Nucleoside analogues are molecules that act like nucleosides in DNA synthesis. They include a range of antiviral products used to prevent viral replication in infected cells. Nucleoside analogues can be used against hepatitis B virus, hepatitis C virus, herpes simplex, and HIV.
An Overview of Nucleoside Antimetabolite/Analog
The mechanism of nucleoside analogues is to antagonize nucleotide metabolism in vivo by inhibiting the synthesis of deoxynucleoside triphosphate (dNTPs) and to interfere with cell replication by incorporation of DNA or RNA molecules to competitively inhibit DNA polymerase, specifically interfering with nucleic acid metabolism and preventing cell division and reproduction, leading to tumor cell death. Most of nucleoside analogues are pyrimidines or purines. The three structural and functional groups of nucleotides needed in the process of DNA replication are chemically modified according to the principles of prodrug design and bioelectron arrangement. Most nucleoside analogues are composed of bases and glycosyl groups.
Drug resistance of Nucleoside Antimetabolite/Analog
The antiviral effect of nucleotide analogs is accomplished by specifically binding to one part of HBV (hepatitis B virus) polymerase and causing the DNA strand break of the virus, thus affecting the replication of the virus. In order to survive, the virus replaces the amino acids in certain parts of the HBV polymerase region in replication, that is, the mutation of the virus gene results in a decrease in the adhesion and sensitivity of the drug to the virus. So the inhibitory effect on HBV was decreased or disappeared. Recently, some experts have proposed genetic barrier and pharmacokinetic barrier to explain the production of drug resistance.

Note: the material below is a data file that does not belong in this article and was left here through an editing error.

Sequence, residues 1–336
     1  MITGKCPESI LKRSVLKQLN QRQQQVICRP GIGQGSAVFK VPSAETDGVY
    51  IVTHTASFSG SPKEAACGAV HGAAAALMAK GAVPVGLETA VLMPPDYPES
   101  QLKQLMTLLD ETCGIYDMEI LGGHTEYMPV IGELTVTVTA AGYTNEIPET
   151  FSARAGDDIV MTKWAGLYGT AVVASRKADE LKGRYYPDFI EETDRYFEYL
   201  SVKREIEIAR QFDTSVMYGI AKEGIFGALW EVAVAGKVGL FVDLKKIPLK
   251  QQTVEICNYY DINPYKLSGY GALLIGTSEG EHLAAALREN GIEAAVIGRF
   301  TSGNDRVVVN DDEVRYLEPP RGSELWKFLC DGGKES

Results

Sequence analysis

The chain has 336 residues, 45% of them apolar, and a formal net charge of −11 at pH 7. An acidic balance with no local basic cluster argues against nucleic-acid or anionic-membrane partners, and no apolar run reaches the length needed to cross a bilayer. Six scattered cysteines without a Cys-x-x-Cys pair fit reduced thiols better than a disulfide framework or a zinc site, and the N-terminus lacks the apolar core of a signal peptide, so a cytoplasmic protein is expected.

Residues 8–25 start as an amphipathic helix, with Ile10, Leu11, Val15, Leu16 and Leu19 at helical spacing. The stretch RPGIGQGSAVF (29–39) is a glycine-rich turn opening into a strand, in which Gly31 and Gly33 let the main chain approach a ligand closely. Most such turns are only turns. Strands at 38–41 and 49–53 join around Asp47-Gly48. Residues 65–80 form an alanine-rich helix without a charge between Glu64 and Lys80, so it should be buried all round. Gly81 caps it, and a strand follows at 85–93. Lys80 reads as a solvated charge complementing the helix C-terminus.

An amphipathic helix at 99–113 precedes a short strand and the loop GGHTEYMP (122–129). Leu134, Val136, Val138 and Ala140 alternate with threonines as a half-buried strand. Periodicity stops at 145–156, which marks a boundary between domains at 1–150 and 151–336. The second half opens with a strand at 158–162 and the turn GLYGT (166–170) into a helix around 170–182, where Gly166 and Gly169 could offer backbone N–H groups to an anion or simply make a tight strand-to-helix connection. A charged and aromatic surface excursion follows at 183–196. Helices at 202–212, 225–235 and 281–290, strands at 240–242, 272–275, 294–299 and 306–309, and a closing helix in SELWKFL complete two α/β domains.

Nucleoside Antimetabolite/Analog and diseases
Nucleoside Antimetabolite/ Analog have a long history as clinical antiviral and antitumor drugs. The birth of anti-AIDS and viral hepatitis drugs such as zidovudine (AZT) and lamivudine has important application value for the treatment of such diseases. The mechanism of action of nucleoside drugs is mainly to simulate natural nuclei. Glycosides inserted into the DNA or RNA strands of viruses or tumor cells cut off the extension or competitive inhibition of nucleotide polymerase, interfere with the biosynthesis of nucleic acids and proteins, and play an antiviral and antitumor role. Nucleoside antiviral drugs are mainly enzyme inhibitors and DNA chain terminators. This class of nucleoside antiviral drugs is mainly used for the treatment of HIV, hepatitis virus, herpesvirus and Ebola virus infection.
1. Su Rong, Yang Yanbin, Huang Wanlin, Luo Na, he Xian. Detection and Analysis of nucleoside Analog Resistance in 100 patients with Hepatitis B in Guangdong Province [J]. Modern Preventive Medicine! 43 (06): 1092-1096.